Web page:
Merck/CSL: Merck waited a while to get back into vaccines but on Sept. 28 signed a six-year deal to market Australian firm CSL’s Afluria in the U.S. starting next year. Approved by FDA in 2007 for immunization of adults against virus subtypes A and B, Afluria is a non-adjuvanted trivalent seasonal flu vaccine sold in two different formulations – thiomersal-free pre-filled syringes and multi-dose vials. Previously partnered on the human papillomavirus vaccine Gardasil since 1995, neither Merck nor CSL disclosed the deal’s financial terms. Under the transaction, CSL Biotherapies, a subsidiary of CSL Limited, will supply Afluria to Merck, which will be responsible for all aspects of U.S. commercialization. Marketed in 27 countries, Afluria produced sales totaling $108 million during CSL’s most recent fiscal year, which ended June 30. CSL is one of four firms approved by the U.S. government to provide vaccine for H1N1 influenza this year, and through August it also had sold nearly 4 million doses of standard flu vaccine for this season in the U.S. market.--Emily Hayes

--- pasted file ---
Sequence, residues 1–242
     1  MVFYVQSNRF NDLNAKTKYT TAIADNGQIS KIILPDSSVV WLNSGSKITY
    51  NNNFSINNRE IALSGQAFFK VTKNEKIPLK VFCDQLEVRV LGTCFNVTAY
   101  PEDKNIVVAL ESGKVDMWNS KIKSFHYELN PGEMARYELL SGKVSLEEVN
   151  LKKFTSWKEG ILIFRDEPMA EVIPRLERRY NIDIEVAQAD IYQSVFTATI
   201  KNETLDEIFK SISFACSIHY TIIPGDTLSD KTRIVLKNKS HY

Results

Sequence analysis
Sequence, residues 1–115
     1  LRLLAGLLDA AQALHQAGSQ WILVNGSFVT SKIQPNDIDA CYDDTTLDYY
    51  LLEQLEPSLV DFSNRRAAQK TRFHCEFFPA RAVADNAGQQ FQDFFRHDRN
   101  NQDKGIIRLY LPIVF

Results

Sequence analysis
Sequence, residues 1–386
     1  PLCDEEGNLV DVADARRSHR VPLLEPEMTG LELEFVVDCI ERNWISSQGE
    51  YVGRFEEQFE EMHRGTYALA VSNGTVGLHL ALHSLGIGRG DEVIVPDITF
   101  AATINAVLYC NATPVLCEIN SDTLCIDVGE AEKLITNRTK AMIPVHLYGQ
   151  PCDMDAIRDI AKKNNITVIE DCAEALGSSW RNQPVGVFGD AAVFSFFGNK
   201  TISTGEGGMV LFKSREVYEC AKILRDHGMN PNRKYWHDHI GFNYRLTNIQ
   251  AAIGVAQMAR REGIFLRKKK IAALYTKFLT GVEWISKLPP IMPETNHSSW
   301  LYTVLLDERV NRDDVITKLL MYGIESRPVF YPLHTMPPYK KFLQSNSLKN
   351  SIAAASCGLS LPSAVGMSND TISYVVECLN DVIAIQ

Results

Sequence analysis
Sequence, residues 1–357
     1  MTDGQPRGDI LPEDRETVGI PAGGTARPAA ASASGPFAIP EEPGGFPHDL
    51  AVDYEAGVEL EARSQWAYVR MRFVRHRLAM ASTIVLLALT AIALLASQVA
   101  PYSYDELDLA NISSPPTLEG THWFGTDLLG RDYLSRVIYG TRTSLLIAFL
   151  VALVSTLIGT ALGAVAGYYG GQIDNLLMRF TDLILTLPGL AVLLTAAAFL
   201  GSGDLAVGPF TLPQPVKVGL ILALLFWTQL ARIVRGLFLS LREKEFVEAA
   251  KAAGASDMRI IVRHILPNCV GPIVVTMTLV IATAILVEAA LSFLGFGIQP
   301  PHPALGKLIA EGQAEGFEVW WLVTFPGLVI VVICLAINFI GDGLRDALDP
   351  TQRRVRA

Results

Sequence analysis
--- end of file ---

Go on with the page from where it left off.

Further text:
Abbott/Solvay: Abbott has seen the future and the future is Advanced Medical Optics, Visiogen, and now Solvay too. The week's deal winner--in terms of dollar value--was clearly Abbott's $6.6 billion acquisition of Solvay, a company that's been rumored to be up for grabs for months. The deal broadens Abbott's geographic footprint, paves its entry into vaccines and strengthens its ownership stake in the blockbuster TriCor /TriLipix cholesterol-fighting franchise. It also adds more than $3 billion to Abbott's annual sales and will be accretive near term. (Hey, isn't that more important than innovation)? Solvay won't be a complete salve, however. Buying its Belgian business partner increases Abbott's exposure to near-term generic competition, as TriCor loses patent protection in 2011. And the deal doesn't eliminate Abbott's dependence on the anti-tumor necrosis factor Humira, a franchise that is facing increased competition from rival brands. It didn't necessarily satisfy analysts either. "While a Solvay acquisition would likely be accretive to EPS, we would prefer to see Abbott pursue more strategic assets that would add better long-term growth," Credit Suisse analyst Catherine Arnold said in a Sept. 27 research note, ahead of the announcement. Convinving naysayers was a big part of Abbott's strategy in announcing the deal. The focus on the conference call wasn't so much on TriLipix, or Certriad, a fixed dose combo of TriLipix and Crestor that seems likely to be the future growth driver within Abbott's cholesterol franchise. No, Abbott's management played up Solvay's international abd branded generics offerings instead. "We recognized many years ago that growth comes in different forms," CEO Miles White said. "It comes from strong branded franchises in developed economies, as well as from branded generics in fast-growing emerging markets." The focus on high-growth areas such as emerging markets and branded generics is hardly surprising. It's a pattern that has been adopted across the pharmaceutical industry as the U.S. drug marketing landscape has become more challenging and shows again that in the on-going debate about whether to be big or small, most pharma execs say bigger is better.--Jessica Merrill